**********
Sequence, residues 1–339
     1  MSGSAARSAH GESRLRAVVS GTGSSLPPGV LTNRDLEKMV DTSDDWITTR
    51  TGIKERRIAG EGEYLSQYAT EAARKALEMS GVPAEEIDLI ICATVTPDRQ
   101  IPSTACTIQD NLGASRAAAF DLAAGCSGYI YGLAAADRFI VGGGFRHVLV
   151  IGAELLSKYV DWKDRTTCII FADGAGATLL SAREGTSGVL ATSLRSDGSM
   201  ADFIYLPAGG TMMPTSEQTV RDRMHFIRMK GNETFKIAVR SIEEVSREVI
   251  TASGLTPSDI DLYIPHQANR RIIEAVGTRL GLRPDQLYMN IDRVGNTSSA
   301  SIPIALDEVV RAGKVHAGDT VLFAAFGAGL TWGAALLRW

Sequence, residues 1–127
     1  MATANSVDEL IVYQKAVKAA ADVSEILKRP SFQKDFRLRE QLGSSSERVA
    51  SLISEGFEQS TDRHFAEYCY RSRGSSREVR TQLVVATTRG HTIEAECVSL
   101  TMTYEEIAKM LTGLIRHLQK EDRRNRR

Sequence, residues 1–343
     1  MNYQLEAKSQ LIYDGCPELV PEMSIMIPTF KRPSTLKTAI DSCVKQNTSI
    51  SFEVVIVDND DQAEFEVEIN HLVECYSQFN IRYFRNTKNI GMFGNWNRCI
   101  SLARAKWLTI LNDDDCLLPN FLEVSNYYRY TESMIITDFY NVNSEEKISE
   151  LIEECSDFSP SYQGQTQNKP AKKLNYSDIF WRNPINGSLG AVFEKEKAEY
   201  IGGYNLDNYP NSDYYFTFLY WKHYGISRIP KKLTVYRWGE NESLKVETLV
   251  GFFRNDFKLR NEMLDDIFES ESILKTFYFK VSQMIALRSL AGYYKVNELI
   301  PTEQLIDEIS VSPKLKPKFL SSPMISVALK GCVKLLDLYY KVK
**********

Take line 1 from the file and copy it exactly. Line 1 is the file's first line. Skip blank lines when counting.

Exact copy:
Sequence, residues 1–339